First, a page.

Thomas Young and Vladimir Nabokov

Occasionally I intend to post stories that are unrelated to the main topics in my book, but reflect one of my other passions i.e. history. This is a post that first appeared in The Norwalk Patch:

To many scientists the words “interdisciplinary research” refer to cross-fertilization of ideas and experiments within subcategories of their chosen field, or collaborating with clinicians, engineers, and physicists. Usually, when scientists strayed into areas of music, film, and literature, or when artists strayed into science, it was within the framework of communicating the latest discoveries to laymen or using creative images to transmit the impact of the latest breakthroughs. Another possibility is simply demonstrating the beauty of nature for its own sake. By and large, the motto seems to be “to each his own.”

History has provided us with figures that break the traditional mold, either in the breadth of their scientific expertise or by their achievements in the seemingly separate worlds of science and literature. Thomas Young, an English polymath (1773-1829), is an example of the former, and Vladimir Nabokov, a Russian-American author (1899-1977), is an example of the latter.

Nabokov is, of course, widely known for his novel, Lolita, composed while on butterfly collecting trips in the western United States. He combined teaching “all things Russian” with his interest in lepidoptery at both Wellesley College and Harvard University. Harvard students may be familiar with Nabokov’s collection of male butterfly genitalia stored at the university’s Museum of Natural History and his expertise in microscopic comparisons of these specimens. Several butterfly and moth species, as well as the genus Nabokovia were named in his honor.

Thomas Young broke boundaries in many areas of science. He established the wave theory of light, overcoming a century-old view that light was a particle—an assessment made by Sir Isaac Newton. The roll call of his achievements includes founding the field of physiological optics, establishing the theory of capillary phenomena based on the principle of surface tension as well as related equations, making contributions to haemodynamics, medical writings on consumptive diseases, and developing a rule for children’s drug dosages. Young’s interest in Egyptian hieroglyphics was evidence that this genius did not only confine his mind to scientific matters. His publication,Account of the Recent Discoveries in Hieroglyphic Literature and Egyptian Antiquities, may have influenced the Frenchman, Jean-François Champollion, who deciphered the Rosetta Stone.

Although Young and Nabokov were completely different in terms of temperament, interests, and accomplishments, one might argue that both flourished as creative individuals because interests and success in one field stimulated success and further accomplishments in other areas. Stephen Jay Gould, noted paleontologist and essayist, held an alternative view that may apply to both Nabokov and Young, namely, success in science and other fields may be rooted in a love of detail, contemplation, and symmetry.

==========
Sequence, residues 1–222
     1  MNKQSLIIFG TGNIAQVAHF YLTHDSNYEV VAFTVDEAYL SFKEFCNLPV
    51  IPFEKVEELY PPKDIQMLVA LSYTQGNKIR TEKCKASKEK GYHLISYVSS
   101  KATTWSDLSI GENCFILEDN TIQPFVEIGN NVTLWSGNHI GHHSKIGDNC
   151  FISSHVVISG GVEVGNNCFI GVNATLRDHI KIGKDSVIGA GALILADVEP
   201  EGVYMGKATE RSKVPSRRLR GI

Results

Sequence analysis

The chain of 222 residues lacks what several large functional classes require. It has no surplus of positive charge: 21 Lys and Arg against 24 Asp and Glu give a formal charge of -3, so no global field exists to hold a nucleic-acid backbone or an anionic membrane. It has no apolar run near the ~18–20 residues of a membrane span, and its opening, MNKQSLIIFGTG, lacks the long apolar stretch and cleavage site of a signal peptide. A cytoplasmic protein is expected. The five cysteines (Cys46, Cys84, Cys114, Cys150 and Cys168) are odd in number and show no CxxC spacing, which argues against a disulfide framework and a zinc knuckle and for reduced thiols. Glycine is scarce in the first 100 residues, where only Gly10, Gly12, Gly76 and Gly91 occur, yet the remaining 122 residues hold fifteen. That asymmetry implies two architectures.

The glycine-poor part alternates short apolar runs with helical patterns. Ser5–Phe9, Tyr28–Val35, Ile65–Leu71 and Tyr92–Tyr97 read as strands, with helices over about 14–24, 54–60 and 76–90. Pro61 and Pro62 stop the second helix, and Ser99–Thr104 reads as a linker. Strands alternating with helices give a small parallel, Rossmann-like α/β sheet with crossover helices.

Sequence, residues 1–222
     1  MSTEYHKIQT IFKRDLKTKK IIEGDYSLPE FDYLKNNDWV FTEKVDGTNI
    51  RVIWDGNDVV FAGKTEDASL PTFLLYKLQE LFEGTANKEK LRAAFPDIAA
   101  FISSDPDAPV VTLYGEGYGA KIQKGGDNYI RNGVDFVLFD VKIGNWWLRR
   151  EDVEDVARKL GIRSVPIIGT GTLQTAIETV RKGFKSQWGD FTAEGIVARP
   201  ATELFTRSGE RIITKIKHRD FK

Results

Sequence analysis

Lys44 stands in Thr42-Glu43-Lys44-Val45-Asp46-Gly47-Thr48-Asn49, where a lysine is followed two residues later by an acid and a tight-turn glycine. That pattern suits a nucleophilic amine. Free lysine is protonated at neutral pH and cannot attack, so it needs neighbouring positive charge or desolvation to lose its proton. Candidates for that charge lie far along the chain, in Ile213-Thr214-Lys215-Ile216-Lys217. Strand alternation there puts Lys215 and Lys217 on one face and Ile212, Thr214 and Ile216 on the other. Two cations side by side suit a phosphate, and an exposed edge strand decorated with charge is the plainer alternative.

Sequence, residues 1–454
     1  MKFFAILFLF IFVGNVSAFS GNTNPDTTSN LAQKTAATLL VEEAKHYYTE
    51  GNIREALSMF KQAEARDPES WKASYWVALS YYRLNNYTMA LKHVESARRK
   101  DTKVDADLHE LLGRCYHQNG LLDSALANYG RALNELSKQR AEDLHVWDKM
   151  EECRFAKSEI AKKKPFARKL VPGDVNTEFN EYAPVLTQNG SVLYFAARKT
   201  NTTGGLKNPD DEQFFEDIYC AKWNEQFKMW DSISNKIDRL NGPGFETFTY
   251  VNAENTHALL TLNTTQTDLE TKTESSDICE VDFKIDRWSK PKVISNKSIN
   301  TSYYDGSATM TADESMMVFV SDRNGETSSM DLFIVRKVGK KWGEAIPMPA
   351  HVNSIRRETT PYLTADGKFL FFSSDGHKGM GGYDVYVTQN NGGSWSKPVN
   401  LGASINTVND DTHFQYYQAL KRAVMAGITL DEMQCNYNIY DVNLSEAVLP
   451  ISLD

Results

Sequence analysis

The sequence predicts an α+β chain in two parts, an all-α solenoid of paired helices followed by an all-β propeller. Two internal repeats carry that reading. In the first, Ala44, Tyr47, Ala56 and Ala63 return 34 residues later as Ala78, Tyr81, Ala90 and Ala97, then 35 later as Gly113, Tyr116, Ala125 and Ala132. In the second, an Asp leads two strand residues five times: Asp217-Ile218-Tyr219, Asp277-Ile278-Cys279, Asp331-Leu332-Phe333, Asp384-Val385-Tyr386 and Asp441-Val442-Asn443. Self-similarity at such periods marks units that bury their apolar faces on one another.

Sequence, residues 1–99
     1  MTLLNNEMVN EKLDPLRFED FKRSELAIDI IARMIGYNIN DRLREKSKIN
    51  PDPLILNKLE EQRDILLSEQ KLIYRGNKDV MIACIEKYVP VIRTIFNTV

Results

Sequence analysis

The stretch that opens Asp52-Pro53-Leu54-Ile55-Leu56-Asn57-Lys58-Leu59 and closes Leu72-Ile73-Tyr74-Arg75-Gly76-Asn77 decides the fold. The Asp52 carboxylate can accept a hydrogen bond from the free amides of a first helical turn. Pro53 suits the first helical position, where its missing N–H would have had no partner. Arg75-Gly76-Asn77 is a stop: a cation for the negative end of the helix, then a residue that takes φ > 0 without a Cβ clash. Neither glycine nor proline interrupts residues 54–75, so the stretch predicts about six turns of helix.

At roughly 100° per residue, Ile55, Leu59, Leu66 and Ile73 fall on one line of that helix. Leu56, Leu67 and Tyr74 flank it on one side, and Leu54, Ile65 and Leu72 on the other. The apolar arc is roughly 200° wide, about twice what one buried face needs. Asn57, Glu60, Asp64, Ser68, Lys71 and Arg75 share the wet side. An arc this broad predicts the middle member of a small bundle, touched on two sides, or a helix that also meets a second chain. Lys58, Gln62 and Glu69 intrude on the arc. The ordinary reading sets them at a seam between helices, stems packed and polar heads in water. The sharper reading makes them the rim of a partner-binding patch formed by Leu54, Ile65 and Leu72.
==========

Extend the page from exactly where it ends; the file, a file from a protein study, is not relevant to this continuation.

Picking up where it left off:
Iraqi-born optical pioneer

Snapshots of ephemeral events that fingerprint different biological phenomena are within reach thanks to the generation of ultrashort bursts of light produced by attosecond (10-18 seconds) lasers. At a cutting-edge laser laboratory in Saudi Arabia, the properties of light will be pushed to this extreme in the analysis of protein and nucleic acids in blood samples from cancer patients and in other studies.1 Since the United Nations has designated 2015 as the Year of Light and Light-based Technologies, it is worthwhile remembering the pioneers that enabled the development of light-based technologies ranging from the bulb to the attosecond laser. In a Nature commemorative issue, Prof. Khalili (University of Surrey in Guildford, UK) revisits the major contributions to optical principles made by Iraqi-born mathematician and astronomer, Abū ʿAlī al-Ḥasan ibn al-Haytham   (Ibn al-Haytham; born c. 965, Basra, Iraq—died c. 1040, Cairo, Egypt). Imprisoned by a Fatimid caliph, ibn al-Haytham used the time to think and write, particularly about optics. Following his release, he combined this writing with experimental observations in his seminal seven-volume Book of Optics (Kitāb al-manāẓir).2 The book contains the correct model of vision, a complete formulation of the laws of reflection, and a detailed investigation of refraction. In addition, he published other studies on optics, including Ḍawʾ al-qamar (“On the Light of the Moon”), al-Hāla wa-qaws quzaḥ (“On the Halo and the Rainbow”), Ṣūrat al-kusūf (“On the Shape of the Eclipse”; which includes a discussion of the camera obscura), and al-Ḍawʾ (“A Discourse on Light”). Interestingly, it is speculated that the 17th century Dutch master, Vermeer, may have used a camera obscura – the precursor to the camera and photography – in achieving exquisite detail in his paintings. Other polymaths and artists such as Leonardo Da Vinci and Piero della Francesca have applied his discoveries to create the illusion of three-dimensional depth on canvas and in friezes.2 Together with his accomplishments in mathematics and astronomy,  Ibn al-Haytham has influenced seventeenth-century European scientists such as Johannes Kepler and enhanced our present understanding of classical optics.


1 Abbott, A. Nature 518, 281-2, 2015

2 Al-Khalili, J. Nature 518, 164-5, 2015